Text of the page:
The story took an unexpected turn, though, when I met Ian Clark, foreman of the machine shop. Ian showed me an incredible assemblage of ultra-modern equipment. Purdey makes use of the latest, most advanced CNC machines, spark eroders and wire eroders, that are capable of amazing precision. They also have the capability to reverse-engineer almost anything. Should they find themselves in need of an extraordinarily rare and obsolete widget, it can be made. With the use of lasers and computers, they can convert an object into a data image that’s incorporated into a computer program, which then allows them to replicate virtually any object with extreme precision. This advanced technology enables them to create things that would tax the capabilities of other makers.

In recent years we’ve seen Purdey produce such marvels as scaled-frame guns in .410 bore and classic hammer guns in 12 and 20 gauges. While I was there, I saw a 12-gauge side-by-side being made entirely of stainless steel. I also saw an over/under that was being constructed entirely of Damascus steel. Not just the barrels! All of the metal work was of Damascus. The barrels, action, locks and trigger guard, all of it. The net result of this new technology is a remarkable ability to adapt. And in today’s marketplace, adaptability may well be the key to survival.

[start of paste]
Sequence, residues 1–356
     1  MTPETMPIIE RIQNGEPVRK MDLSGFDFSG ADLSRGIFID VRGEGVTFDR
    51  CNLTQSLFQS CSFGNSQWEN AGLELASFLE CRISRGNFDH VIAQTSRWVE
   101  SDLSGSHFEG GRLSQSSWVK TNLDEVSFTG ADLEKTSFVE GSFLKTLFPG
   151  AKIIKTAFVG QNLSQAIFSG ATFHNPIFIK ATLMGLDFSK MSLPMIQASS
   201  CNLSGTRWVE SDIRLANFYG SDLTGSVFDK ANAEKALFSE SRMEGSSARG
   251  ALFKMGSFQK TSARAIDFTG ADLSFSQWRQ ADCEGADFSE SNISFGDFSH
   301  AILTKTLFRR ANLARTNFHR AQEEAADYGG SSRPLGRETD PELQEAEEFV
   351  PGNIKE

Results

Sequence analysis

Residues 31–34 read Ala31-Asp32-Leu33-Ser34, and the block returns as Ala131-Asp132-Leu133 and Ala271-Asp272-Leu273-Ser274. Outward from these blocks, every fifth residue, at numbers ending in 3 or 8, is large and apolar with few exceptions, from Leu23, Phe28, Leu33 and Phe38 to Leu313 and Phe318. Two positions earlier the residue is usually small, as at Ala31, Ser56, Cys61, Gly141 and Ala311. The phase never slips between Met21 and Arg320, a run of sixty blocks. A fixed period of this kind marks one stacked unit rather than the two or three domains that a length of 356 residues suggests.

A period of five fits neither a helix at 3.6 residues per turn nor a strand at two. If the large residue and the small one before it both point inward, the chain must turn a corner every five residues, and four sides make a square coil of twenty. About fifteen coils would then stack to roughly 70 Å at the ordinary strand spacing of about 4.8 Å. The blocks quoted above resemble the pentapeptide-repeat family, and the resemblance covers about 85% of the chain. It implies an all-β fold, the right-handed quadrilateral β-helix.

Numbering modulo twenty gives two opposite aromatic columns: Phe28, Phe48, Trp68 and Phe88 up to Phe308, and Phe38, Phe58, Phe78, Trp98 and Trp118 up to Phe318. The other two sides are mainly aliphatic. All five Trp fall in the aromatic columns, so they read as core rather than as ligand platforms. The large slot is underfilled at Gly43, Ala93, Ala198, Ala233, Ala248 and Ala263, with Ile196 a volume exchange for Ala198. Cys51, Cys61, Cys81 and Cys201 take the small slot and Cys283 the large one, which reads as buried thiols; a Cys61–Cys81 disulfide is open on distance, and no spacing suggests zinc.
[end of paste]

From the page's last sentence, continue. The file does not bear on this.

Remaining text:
As in the past, Purdey still produces Best-quality guns that are paragons of the gunmaker’s art. They produce over/under shotguns, as well as side-by-side rifles and shotguns. They also build side-by-side hammer guns, bolt-action rifles and a slightly lower priced Sporter for sporting clays shooters. The Sporter is built in co-operation with Italian maker, Perugini & Visini. They also build Best-quality guns under the Woodward name, which Purdey owns. That being said, it is impossible to completely define the Purdey “line.” In Richard’s words: “Almost anything is possible if the client is sufficiently well-heeled.”

Later, Richard and I walked along the Thames to the nearest tube station, and after a short ride, emerged at Hyde Park, just down from Audley House, which has served as Purdey’s London showroom since January 1883. There, in the hallowed Long Room, I found myself awed again by its historical significance. The room was crowded with the ghosts of potentates and presidents, kings and poets, statesmen, writers, heroes and celebrities of all sorts who have stood in this room before. Men who were drawn to this place because it is one of the world’s great monuments to excellence.